Cobia Fish: Why You Care

Rachel Tepper Paley
March 31, 2014

The two smaller fish, in the center and on the far left, are cobia. Photo credit: StockFood

Black kingfish, black salmon, ling, lemonfish. Perhaps you’ve puzzled over these curious fish.

They’re all cobia, a peach-fleshed fish with grayish-brown skin. Its signature white belly often confuses fishers, who sometimes mistake it for a small shark

"It’s a weird fish because it’s meaty and dense like sturgeon, but it’s fatty like hamachi,” explained Robert DeMasco, owner of New York City-based seafood distributor Pierless Fish Corp. (“Hamachi" is the Japanese name for yellowtail.) 

For the last year and a half, DeMasco has sold cobia sourced from Panama-based Open Blue, the world’s largest open fish farm. That means, in Open Blue’s case, that the cobia are raised six miles out to sea, and the nets used to catch them never touch the ocean floor. The company has caught the attention of CNN’s Sanjay Gupta, who recently praised its sustainability efforts and called founder Brian O’Hanlon a "visionary.”

So it’s sustainable. And it tastes fantastic, which is chief among chefs’ concerns.

DeMasco keeps an impressive roster of lauded East Coast restaurants stocked with the fish, including Le Bernardin, Mas, Pok Pok, The Modern, Craft, Gramercy Tavern, and The Sea Grill in New York City; CityZen in Washington, D.C.; and Little Fish and Serpico in Philadelphia.

"People are very stubborn" when it comes to trying new things, DeMasco lamented, but "the higher-end chefs are a little more prone to try different things." Once they learn more about Open Blue’s sustainability mission, the chefs "are not taken aback that [the fish] was farm-raised in Panama." And then they taste it. "They start going, ‘Oh, maybe it isn’t so bad.’”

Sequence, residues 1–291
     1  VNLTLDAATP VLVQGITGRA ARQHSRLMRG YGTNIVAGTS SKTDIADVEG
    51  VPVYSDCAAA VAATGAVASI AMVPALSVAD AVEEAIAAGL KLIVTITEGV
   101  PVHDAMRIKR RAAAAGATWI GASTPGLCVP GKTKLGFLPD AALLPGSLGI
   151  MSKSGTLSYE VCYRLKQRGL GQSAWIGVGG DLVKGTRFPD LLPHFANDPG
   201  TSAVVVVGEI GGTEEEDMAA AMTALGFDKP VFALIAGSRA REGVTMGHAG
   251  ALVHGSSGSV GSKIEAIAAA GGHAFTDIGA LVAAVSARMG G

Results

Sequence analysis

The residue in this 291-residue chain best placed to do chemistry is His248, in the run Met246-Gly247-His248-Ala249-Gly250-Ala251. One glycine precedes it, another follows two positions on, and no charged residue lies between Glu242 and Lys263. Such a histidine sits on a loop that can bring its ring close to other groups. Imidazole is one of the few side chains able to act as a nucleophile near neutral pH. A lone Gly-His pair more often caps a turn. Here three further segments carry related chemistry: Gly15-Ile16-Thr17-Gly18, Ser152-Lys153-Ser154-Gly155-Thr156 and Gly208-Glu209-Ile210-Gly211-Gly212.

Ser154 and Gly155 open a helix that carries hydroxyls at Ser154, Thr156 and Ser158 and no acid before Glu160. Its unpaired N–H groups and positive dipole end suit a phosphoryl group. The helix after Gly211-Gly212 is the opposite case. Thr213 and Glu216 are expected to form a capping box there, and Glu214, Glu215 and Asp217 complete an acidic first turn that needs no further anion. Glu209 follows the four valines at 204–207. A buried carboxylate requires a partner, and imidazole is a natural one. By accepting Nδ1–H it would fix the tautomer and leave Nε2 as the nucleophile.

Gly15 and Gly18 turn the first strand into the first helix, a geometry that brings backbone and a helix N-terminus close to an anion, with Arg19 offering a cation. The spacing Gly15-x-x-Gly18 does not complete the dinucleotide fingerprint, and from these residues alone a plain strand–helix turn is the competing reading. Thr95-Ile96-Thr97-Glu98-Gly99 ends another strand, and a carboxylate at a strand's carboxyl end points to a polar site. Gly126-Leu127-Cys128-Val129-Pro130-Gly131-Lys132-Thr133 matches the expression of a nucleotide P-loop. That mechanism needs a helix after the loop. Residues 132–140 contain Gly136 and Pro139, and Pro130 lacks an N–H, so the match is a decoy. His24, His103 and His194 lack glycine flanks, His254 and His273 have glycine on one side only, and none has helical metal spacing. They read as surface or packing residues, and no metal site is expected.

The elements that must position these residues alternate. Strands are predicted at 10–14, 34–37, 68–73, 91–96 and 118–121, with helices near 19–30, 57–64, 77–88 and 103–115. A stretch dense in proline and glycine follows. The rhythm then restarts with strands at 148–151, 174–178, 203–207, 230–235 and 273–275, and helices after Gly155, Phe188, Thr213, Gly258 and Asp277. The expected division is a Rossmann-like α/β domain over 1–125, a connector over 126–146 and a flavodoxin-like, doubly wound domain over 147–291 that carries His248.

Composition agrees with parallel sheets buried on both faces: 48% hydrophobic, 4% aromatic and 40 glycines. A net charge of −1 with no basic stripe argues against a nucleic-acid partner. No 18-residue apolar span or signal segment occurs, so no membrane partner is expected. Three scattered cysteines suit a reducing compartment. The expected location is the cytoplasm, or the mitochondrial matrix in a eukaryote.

At Gramercy Tavern, cobia has been on and off the menu for about six years, according to executive sous chef Howard Kalachnikoff. “We prefer it grilled,” he said. “We think that the smoke flavor from the [wood-burning] grill just goes real well with the flesh.” At medium doneness, the fish’s flesh is dense and meaty, and Kalachnikoff serves it with rolled oats simmered in mushroom stock, grilled shiitake mushrooms, and sautéed bok choy leaves dressed in mushroom vinaigrette. 

At the Sea Grill, executive chef Yuhi Fujinaga prefers to serve cobia raw. “When you grill it, it becomes heartier,” Fujinaga said. “But when you’re having it raw, it’s very light in comparison.” How he’s serving cobia right now: raw and thickly-sliced, dressed in duck fat-infused miso glaze, and topped with a bright salad of cucumber, carrot, and scallion.

In addition to the several restaurants Pierless serves, home cooks can buy the fish online through the company’s web site. A one pound fillet runs a pricey $16.95. Freshness will cost you, apparently.

But prices haven’t deterred some, and DeMasco has high hopes for cobia. Last year, he sold about 30,000 pounds of the fish and he intends to double that figure in 2014. But he knows it’s an uphill battle.

"It hasn’t really gotten traction like it should. If it’s not a certain thing that [people] recognize, [they] don’t buy it," he said. "Meanwhile, it’s amazing.”

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